The coronavirus pandemic is putting a strain on many businesses, but one consequence of the virus in the U.S. is the blood supply.
Most health care services have returned to some sense of normal operation since shuttering temporarily in the spring during the beginning of the coronavirus pandemic.
But blood centers are still reporting significant declines in blood collections, leaving the blood supply in the United States at critically low levels, according to a joint statement issued late last week by the AABB (formerly known as the American Association of Blood Banks), the American Red Cross and America’s Blood Centers.
COVID-19, coupled with wildfires in the Western states, recent hurricanes and other storms, have led to “unprecedented fluctuations” in both the supply and demand for blood.
More than 80% of the blood collected by the American Red Cross comes from blood drives, which haven’t returned to pre-pandemic levels, as schools opt for virtual learning and people continue to work from home.
But demand for blood is as strong as ever, with hospitals back to scheduling elective surgeries.
“We’re able to collect less but demand is up and that’s what created this perfect storm,” said Kate Fry, CEO of America’s Blood Centers.
Fall and winter have always seen a dip in donations, but according to Fry, America’s Blood Centers has seen a 30% decline in blood drives scheduled for the rest of the year compared with last year – equating to about a 250,000 missed donations.
Dr. Claudia Cohn, chief medical officer of AABB, said most centers and hospitals like to have at least three to five days blood supply on-hand. Many centers, however, are operating on two days, some even less than that, according to Fry.
“A month or two ago, we were at probably a good place … because so many heard that message to come out (and donate),” Fry said. “But now it’s lost that momentum, we see the blood supply steadily decrease.”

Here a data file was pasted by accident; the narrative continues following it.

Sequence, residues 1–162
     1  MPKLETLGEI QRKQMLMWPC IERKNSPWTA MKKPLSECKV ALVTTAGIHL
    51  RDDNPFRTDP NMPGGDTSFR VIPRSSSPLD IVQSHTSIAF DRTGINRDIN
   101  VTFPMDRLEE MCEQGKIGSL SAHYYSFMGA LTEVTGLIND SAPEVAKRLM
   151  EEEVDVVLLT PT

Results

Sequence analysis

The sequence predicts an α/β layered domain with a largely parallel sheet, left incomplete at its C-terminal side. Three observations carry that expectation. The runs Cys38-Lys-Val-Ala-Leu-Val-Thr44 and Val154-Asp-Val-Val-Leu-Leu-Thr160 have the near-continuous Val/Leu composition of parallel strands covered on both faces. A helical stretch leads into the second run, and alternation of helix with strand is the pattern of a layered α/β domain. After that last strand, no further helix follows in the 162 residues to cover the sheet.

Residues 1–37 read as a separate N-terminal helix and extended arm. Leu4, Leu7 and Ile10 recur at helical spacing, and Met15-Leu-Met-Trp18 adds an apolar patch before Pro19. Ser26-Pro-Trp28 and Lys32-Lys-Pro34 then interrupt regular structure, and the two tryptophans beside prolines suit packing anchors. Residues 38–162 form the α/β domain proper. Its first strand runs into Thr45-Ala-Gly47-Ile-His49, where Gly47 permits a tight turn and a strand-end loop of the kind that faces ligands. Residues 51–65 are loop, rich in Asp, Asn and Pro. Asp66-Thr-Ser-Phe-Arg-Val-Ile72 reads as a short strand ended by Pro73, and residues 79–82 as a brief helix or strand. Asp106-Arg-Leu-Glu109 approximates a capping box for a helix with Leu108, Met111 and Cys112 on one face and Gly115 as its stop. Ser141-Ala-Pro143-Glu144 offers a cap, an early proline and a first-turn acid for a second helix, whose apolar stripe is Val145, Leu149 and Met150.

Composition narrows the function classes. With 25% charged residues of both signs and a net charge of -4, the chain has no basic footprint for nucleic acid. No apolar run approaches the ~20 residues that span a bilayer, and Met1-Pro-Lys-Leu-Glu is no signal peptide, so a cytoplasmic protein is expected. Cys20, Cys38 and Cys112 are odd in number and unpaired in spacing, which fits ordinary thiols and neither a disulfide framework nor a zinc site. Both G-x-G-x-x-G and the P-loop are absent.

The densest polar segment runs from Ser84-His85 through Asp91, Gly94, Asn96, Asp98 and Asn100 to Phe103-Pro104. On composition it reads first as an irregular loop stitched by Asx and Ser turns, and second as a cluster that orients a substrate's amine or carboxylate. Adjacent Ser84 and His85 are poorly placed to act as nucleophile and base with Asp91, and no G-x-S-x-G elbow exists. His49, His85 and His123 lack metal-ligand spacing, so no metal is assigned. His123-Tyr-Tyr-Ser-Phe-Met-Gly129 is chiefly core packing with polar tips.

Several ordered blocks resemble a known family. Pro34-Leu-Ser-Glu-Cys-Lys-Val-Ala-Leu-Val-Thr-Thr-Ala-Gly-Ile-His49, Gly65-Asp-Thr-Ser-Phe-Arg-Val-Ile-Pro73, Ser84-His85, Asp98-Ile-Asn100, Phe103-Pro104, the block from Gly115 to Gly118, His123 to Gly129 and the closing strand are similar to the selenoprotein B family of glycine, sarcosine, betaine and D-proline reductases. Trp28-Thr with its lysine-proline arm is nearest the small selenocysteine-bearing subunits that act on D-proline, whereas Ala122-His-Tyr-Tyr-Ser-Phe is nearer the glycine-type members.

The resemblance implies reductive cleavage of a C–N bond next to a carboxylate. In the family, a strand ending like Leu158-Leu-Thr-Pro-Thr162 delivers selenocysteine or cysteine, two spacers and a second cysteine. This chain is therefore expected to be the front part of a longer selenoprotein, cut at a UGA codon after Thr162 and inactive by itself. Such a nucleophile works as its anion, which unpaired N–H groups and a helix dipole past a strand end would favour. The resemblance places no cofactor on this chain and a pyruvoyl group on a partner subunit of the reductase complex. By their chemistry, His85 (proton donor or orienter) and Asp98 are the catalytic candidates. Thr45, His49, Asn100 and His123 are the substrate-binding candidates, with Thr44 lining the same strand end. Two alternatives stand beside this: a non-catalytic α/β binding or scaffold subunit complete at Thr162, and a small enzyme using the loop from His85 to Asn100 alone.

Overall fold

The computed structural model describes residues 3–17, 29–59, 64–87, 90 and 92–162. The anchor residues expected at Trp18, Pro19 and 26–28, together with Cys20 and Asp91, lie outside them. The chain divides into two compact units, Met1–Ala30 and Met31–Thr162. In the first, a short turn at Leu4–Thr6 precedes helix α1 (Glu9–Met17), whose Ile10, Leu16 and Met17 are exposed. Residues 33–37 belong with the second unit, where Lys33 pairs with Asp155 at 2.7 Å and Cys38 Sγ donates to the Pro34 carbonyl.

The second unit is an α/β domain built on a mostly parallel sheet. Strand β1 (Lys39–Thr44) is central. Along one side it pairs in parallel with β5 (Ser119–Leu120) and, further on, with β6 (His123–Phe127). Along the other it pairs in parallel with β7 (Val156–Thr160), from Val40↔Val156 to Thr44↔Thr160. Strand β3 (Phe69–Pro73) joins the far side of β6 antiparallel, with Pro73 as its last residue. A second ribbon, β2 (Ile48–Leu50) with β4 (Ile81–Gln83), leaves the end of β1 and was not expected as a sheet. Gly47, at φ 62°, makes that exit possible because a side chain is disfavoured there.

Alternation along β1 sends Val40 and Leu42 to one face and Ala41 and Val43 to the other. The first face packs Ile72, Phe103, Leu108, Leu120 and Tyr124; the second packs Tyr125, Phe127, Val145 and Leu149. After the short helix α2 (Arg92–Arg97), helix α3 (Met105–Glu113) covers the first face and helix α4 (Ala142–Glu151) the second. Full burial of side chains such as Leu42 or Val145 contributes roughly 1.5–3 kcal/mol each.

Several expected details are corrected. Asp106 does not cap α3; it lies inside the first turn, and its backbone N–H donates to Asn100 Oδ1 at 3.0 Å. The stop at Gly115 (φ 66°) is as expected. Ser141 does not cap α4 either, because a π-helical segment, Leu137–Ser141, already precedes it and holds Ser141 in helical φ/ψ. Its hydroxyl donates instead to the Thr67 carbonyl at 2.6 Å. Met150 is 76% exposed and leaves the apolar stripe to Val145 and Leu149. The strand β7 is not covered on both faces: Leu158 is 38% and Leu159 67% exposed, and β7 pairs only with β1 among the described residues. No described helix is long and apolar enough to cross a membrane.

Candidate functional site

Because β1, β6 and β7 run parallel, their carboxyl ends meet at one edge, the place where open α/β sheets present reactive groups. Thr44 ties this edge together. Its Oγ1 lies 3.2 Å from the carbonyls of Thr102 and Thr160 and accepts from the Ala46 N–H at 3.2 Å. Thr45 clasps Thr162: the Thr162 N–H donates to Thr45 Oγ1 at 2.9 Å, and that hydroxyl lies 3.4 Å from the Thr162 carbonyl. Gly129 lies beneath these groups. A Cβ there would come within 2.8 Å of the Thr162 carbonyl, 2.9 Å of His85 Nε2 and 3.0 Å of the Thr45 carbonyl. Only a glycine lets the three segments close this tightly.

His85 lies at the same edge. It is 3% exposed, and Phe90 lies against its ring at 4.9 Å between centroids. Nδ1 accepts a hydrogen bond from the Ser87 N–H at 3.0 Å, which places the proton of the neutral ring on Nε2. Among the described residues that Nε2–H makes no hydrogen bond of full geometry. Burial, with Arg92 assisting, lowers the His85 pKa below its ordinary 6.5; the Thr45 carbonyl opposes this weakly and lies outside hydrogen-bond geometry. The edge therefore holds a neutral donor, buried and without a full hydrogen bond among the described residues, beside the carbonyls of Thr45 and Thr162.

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Fry and Cohn are concerned the approaching flu season and continued rise in COVID-19 cases will further decrease the nation’s blood supply asmore people become sick and are unable to donate.
While the COVID-19 pandemic stifles blood donations, it also may force hospitals to demand more blood for severely ill coronavirus patients who sometimes require surgery after complications arise. Lung transplants especially, Cohn added, require a considerable amount of blood.
“It’s a sad irony, isn’t it?” she said.
The American Red Cross, which supplies about 40% of the nation’s blood, said that about 13.6 million units of whole blood and red blood cells are collected in the U.S. on an average year.
Paul Sullivan, senior vice president of American Red Cross Blood Services, said more than 50,000 blood drives have been canceled or moved due to the pandemic forcing about a million donors to seek other ways to donate.
Health officials are warning of potential blood shortages as the coronavirus outbreak and shelter-in-place orders prompt cancellations of blood donation drives usually held at schools and businesses. Blood banks say donors are urgently needed. (March 20)
Sullivan said the American Red Cross has implemented new safety measures for donors and staff members, including mask-wearing, temperature checks, hand sanitizer, enhanced disinfecting processes, and bed spacing to follow social distancing practices.
Though most Americans continue to work from home, he encourages companies to schedule a blood drive as a safe and meaningful way for colleagues to reunite during the pandemic.
Dr. Robertson Davenport, director of Transfusion Medicine at Michigan Medicine in Ann Arbor, said that while the American Red Cross is working hard to keep his hospital supplied, he’s still concerned for the future.
“I know it sounds like I am beating the same old drum, but we really need blood donors to keep making the extra effort to donate,” he said.
How to help: The American Red Cross is asking people who are feeling healthy and well and are eligible to give blood or platelets to make an appointment to donate through the Red Cross Blood Donor App, visiting RedCrossBlood.org or calling 1-800-RED CROSS (1-800-733-2767). Or find a local blood collection site and schedule an appointment to donate by visiting www.aabb.org/giveblood or calling America’s Blood Centers at 1-202-393-5725.
Follow Adrianna Rodriguez on Twitter: @AdriannaUSAT.
Health and patient safety coverage at USA TODAY is made possible in part by a grant from the Masimo Foundation for Ethics, Innovation and Competition in Healthcare. The Masimo Foundation does not provide editorial input.
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